Over many generations, the domesticated turkey’s muscles have become too big to allow it to fly and its legs have becomes shorter, so it has a hard time running. In fact, they are so large and cumbersome that they can’t even mate; they are inseminated artificially in order to breed them further. Many have been bred for white plumage, so that the small pin feathers left after plucking are harder to see.
But the noble turkey (Benjamin Franklin suggested the turkey as our national bird) can trace its line back to about 1100 CE, with the Spanish entering the picture about 400 years later. But new evidence suggests turkeys were raised in captivity much earlier than either of these estimates.
A recent study based on excavations of Mayan ruins shows that as early as 300 BCE there were male, female, and juvenile M. gallopava within the settlements, and some reduced flight morphology suggests that they had begun to be domesticated by that time. What is more, the native turkeys in southern Mexico were M. ocellata, not M. gallopava (from northern Mexico and America), suggesting that trade in the animals with the north had already commenced by this time period.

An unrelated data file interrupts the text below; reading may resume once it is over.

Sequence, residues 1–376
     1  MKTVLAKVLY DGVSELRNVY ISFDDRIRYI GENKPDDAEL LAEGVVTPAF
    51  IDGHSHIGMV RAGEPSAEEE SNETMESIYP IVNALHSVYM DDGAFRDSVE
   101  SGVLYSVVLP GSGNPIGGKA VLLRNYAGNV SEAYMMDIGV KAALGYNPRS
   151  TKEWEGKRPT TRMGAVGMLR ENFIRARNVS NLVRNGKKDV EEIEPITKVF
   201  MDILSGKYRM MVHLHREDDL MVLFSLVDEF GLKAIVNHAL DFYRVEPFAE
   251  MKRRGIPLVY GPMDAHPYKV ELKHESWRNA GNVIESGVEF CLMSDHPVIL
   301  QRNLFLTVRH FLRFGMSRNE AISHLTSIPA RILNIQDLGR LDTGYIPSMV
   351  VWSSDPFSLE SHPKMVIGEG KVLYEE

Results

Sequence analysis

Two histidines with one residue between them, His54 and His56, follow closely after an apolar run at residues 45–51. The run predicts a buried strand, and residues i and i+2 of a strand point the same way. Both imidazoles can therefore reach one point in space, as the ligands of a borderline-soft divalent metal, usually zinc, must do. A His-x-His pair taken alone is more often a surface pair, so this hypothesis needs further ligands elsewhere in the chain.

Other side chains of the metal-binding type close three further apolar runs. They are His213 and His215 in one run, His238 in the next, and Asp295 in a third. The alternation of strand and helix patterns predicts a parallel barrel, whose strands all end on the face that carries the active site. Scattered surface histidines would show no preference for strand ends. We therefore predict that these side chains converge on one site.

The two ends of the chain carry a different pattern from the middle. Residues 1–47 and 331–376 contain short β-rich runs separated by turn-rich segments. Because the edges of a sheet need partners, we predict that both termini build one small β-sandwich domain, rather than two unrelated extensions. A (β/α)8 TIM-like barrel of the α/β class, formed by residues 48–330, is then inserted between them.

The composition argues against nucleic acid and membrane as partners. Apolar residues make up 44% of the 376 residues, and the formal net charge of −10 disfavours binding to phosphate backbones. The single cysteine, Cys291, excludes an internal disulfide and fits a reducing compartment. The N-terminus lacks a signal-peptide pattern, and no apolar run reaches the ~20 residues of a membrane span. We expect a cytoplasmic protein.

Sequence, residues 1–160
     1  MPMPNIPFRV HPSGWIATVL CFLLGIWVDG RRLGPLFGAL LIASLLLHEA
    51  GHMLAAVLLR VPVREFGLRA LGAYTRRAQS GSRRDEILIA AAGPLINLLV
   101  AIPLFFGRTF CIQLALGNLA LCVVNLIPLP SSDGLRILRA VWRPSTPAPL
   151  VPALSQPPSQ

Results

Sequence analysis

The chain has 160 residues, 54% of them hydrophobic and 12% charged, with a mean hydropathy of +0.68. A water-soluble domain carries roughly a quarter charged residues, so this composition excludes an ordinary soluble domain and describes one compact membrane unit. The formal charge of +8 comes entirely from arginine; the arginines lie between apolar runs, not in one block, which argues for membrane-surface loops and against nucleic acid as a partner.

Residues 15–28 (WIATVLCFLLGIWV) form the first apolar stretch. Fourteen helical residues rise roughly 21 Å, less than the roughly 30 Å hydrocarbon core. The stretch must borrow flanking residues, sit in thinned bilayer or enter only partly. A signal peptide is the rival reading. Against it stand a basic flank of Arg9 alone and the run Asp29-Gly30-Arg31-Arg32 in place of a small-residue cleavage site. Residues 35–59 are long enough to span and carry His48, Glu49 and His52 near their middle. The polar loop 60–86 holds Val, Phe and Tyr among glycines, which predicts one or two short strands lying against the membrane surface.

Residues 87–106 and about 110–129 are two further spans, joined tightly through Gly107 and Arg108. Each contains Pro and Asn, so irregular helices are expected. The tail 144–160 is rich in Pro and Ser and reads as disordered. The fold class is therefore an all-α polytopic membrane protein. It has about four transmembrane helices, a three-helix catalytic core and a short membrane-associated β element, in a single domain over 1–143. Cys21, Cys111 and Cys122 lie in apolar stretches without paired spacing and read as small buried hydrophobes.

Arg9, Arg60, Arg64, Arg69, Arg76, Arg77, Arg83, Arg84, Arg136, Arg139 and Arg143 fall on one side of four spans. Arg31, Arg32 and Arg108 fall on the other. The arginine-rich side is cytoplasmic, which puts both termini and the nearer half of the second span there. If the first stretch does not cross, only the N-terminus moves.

All this traveling suggests that by the time the pilgrims landed in Massachusetts they were already familiar with the turkey, and its inclusion in the first Thanksgiving feast was probably not a surprise to them. There is no evidence that turkey was the served at the first Thanksgiving, but it makes sense; both cultures were familiar with the bird. American Indians even had tribes named for turkeys and believed that their feathers had mystical powers; Central American Indians had turkey gods.
I find it a little odd that the turkey was revered as a god, considering its looks – that is truly a face only a mother could love. It has appendages and little growths everywhere. If a turkey spins its head around when startled, it could slap itself silly! But as nature proves again and again, everything has a purpose – or did.